“For the first time in more than fifty years, this portion of Cemetery Ridge will have its historic appearance, offering fresh experiences for a new generation of Gettysburg visitors,” said Ed Clark, Gettysburg National Military Park Superintendent. “We're excited that this important project has been embraced as a National Park Service Centennial initiative – raising it to a higher level of awareness and visibility.”

    For six years, the Gettysburg Foundation has funded and implemented important earlier phases of the rehabilitation of Cemetery Ridge including demolition of the Visitor Center in 2009; demolition of the Cyclorama building in 2013; and removal and rehabilitation of the former Visitor Center parking lot site in 2014.

    Gettysburg Foundation President Joanne M. Hanley said, “The Gettysburg Foundation has contributed to the rehabilitation of Cemetery Ridge since the inception of the idea to bring back missing features of the battlefield landscapes. It is our intent to concentrate on the work that needs to be done to see this through to the end. We are pleased, grateful and excited for this important project to be a National Park Service Centennial initiative.”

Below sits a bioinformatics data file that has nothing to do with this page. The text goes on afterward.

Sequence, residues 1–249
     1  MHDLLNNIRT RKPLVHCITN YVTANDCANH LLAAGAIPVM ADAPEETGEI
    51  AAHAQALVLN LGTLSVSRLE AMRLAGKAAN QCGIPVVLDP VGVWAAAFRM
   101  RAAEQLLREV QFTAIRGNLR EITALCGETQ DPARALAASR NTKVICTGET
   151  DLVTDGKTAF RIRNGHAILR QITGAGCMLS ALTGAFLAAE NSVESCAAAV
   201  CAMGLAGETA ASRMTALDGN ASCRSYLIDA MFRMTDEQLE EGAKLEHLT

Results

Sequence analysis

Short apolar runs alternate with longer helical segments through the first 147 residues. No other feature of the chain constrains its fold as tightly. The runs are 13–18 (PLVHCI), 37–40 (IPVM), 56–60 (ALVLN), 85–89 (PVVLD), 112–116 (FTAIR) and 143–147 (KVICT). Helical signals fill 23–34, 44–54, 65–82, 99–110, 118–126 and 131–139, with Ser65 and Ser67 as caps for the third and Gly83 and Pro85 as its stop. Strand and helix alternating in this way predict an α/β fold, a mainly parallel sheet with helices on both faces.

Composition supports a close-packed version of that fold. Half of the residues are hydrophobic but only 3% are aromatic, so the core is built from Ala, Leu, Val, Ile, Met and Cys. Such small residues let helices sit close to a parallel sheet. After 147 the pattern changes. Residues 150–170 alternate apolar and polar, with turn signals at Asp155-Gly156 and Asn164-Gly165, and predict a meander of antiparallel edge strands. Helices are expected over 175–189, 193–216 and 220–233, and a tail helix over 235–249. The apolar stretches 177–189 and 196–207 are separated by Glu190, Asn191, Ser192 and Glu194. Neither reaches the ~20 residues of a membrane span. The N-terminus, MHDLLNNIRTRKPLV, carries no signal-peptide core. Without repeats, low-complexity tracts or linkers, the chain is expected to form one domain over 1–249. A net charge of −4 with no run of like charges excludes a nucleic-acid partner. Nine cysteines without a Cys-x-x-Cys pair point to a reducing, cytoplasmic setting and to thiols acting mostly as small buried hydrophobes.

NPS CENTENNIAL - To prepare for its Centennial in 2016, the National Park Service is funding legacy projects that will preserve resources for the future. Last month, the National Park Service launched “Find Your Park,” a national public awareness and education campaign celebrating the milestone centennial anniversary of the National Park Service in 2016 and setting the stage for its second century of service. Learn more at findyourpark.com

    Gettysburg National Military Park preserves and protects the resources associated with the Battle of Gettysburg and the Soldiers' National Cemetery and provides an understanding of the events that occurred there within the context of American history. More information is available at www.nps.gov/gett.

    Eisenhower National Historic Site preserves and protects the resources associated with the presidential home and farm in order to promote understanding and appreciation of the life, work and times of Dwight David Eisenhower. For more information go to www.nps.gov/eise.

    The Gettysburg Foundation is a non-profit educational organization working in partnership with the National Park Service to enhance preservation and understanding of the heritage and lasting significance of Gettysburg. The Foundation raised funds for and now operates the Museum and Visitor Center at Gettysburg National Military Park, which opened in April 2008. In addition to operating the Museum and Visitor Center, the Foundation has a broad preservation mission that includes land, monument and artifact preservation and battlefield rehabilitation—all in support of the National Park Service’s goals at Gettysburg.